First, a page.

A Reverie Befell Me, Walking Across the Courtyard
I push the door open. I don’t know what the
weather will be when I do so:
Cool rushing wafts of glorious lake air
what? I idly wonder.
Yet I go outside anyway. I push the door
and step onto the melting slushy snow.
Yes, it’s rain, a steady, light spatter on my
I feel the glory of the rain on my skin,
final and ephemeral splendor of the spatter.
The snow beneath my feet is gray, packed.
Feet have crossed here, treading
on the miraculous individuality of the flakes.
Their life is at an end.
Too long they’ve lingered on; their brothers
murdering, amalgamating, consolidating.
The snow from this morning is almost gone.
I leave the snow behind.
Already the light from the building behind me is
a distant memory of civilization and order. I walk
staring dully at my feet squishing and plashing
treading down the old dead grass of last fall
which just now sees the light of day after a winter of discontent.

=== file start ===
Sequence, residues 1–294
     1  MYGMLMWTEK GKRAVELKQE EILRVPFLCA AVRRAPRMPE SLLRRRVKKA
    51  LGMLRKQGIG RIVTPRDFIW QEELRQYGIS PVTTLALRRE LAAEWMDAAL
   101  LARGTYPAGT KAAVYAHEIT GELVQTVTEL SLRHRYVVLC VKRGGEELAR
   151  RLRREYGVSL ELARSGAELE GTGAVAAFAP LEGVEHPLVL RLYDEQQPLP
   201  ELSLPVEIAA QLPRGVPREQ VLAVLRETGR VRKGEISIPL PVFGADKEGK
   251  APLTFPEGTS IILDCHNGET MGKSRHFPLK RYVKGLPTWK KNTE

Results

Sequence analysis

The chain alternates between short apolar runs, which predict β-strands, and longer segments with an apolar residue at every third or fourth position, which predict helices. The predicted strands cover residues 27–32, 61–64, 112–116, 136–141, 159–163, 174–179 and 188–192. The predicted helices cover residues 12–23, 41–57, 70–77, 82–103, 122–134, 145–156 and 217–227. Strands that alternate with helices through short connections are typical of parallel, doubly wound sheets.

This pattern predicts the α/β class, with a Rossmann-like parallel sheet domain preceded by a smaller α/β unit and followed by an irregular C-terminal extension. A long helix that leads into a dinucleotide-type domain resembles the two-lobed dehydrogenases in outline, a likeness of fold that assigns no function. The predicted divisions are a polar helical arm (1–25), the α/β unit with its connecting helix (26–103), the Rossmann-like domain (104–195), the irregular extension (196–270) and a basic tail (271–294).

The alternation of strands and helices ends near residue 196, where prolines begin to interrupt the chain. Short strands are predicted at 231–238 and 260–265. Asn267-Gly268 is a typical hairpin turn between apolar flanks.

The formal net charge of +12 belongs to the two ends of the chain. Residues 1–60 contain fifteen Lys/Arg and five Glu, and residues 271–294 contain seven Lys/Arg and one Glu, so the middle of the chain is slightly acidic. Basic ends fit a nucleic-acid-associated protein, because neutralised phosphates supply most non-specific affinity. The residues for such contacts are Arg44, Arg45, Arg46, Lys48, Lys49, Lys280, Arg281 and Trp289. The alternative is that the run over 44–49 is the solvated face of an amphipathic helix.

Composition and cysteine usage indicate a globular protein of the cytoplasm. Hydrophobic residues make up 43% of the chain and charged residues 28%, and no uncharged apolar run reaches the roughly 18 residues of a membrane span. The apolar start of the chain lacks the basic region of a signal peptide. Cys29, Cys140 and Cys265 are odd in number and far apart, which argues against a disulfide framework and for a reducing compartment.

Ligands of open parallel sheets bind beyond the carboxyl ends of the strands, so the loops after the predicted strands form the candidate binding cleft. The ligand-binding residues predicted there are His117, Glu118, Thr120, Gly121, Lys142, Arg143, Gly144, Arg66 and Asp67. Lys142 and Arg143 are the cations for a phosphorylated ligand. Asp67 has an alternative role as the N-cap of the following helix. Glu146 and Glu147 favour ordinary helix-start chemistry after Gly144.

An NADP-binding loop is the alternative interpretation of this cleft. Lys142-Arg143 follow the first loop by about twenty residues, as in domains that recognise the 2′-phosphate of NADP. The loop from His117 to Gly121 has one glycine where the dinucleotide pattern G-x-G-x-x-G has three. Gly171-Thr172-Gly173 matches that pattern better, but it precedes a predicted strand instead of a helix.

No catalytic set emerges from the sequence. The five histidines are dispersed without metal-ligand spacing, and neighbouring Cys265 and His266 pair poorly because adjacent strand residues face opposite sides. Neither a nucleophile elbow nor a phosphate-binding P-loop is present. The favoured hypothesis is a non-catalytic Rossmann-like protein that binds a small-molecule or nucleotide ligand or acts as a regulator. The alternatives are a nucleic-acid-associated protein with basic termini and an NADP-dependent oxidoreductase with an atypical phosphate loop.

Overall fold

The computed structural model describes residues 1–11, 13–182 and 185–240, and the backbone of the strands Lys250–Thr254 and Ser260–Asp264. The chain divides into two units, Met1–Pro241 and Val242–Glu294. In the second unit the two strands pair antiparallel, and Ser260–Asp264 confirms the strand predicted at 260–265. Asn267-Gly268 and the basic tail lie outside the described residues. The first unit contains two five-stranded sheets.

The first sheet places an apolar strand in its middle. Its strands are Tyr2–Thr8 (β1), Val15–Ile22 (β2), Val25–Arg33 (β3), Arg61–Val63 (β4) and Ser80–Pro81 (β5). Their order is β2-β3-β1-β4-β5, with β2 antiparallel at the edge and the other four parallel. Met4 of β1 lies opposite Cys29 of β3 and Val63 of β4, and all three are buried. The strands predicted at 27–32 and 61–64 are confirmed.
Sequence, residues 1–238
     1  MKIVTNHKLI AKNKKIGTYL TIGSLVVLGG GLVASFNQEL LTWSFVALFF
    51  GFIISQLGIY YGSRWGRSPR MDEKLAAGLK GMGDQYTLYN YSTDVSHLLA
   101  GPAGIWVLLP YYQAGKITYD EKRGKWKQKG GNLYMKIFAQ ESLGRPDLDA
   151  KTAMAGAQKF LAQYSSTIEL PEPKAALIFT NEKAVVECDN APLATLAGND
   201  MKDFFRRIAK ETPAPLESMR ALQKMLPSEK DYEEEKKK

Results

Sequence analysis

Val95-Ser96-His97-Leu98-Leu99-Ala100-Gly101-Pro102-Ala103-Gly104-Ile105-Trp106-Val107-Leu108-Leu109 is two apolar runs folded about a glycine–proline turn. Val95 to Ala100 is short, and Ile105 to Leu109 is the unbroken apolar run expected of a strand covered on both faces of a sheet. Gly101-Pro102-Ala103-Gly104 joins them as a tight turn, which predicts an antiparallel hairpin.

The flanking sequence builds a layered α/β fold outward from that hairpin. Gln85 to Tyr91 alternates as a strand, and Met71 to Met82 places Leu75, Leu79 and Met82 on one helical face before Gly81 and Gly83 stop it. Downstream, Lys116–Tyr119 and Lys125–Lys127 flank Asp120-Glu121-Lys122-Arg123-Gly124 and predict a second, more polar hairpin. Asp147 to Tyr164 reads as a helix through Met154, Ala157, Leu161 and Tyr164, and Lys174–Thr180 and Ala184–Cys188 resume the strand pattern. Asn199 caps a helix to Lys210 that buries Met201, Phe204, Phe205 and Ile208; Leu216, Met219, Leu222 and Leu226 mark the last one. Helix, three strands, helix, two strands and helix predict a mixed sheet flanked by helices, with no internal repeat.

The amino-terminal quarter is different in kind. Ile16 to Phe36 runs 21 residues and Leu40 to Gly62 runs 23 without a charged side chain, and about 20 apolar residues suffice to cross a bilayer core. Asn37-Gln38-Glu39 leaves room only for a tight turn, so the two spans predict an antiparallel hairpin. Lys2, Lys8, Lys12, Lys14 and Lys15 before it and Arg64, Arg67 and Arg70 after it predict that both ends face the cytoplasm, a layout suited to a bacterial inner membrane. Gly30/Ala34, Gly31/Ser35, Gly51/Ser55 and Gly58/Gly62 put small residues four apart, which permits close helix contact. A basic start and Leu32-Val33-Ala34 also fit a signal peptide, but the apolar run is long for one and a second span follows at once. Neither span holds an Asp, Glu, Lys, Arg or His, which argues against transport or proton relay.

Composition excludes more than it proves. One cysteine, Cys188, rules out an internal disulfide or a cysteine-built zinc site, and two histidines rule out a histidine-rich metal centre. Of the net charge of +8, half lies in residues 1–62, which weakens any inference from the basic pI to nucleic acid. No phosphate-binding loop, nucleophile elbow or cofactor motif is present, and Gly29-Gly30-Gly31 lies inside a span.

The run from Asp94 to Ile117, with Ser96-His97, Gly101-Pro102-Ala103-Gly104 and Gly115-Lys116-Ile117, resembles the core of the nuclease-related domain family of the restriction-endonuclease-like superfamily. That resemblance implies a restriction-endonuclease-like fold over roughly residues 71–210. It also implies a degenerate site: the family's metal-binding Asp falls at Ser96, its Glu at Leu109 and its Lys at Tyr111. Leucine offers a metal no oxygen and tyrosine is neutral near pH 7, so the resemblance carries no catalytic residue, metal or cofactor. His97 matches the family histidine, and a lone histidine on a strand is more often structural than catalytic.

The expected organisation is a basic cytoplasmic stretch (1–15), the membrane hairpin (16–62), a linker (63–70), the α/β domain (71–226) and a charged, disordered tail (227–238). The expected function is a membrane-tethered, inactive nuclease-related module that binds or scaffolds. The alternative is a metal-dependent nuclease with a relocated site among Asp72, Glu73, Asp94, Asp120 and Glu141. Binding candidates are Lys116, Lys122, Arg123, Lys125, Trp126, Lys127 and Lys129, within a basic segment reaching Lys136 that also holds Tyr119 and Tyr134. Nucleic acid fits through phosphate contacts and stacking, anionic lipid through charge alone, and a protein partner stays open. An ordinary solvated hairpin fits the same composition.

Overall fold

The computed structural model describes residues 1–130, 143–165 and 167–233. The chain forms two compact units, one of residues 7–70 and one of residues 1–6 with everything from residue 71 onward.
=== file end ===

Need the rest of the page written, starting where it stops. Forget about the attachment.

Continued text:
the glorious rain
the mystic rain
it spatters on my glasses and clogs my vision
the light from the parking lot reflects
throwing tiny spots of faint wavering white light into my retinas.
I pass a tree. A young tree
its branches red and overconfident with the hint
hint of new growth
hint of new leaf
hint of new life
a maple, I think.
The tree is lit; a spotlight shines through its branches in mockery of its nakedness.
The spotlight bleeds a film of white light into the corner of my eye:
I am blinded
and yet I can see
I once was lost, but now am found: was blind, but now I see.
Now I notice more spotlights
dotting the sodden courtyard
mocking in chorus the vulnerability of the young maples
The rain awakes me from my trance
and I walk on, stumbling a bit in the gravel.
More snow up ahead, but my path won’t cross it.
Tenacious it is, and touching; will Old Woman Winter never relinquish her grip?
it tugs at my heartstrings.
I feel the touch of the Divine
but it is beyond my ken.
What is He doing? What am I feeling?
Ah, that I had the tongue of Homer or the wit of Chaucer
then I’d understand this.
it’s not merely precipitation
the crass meteorologist’s euphemism
it’s something higher
like a chorus concluding their song
or the breathtaking hideous beauty of the ice
jostling and crunching in-shore on
the cold grasp and gasp as you lose your balance ice-skating
the silent scream as, hiking, you startle a placid doe
it’s the Joy of Lewis.
I do not preach
I do not pry
I merely say
Tonight, a reverie befell me, walking across the courtyard.
Tonight, I felt the touch of God.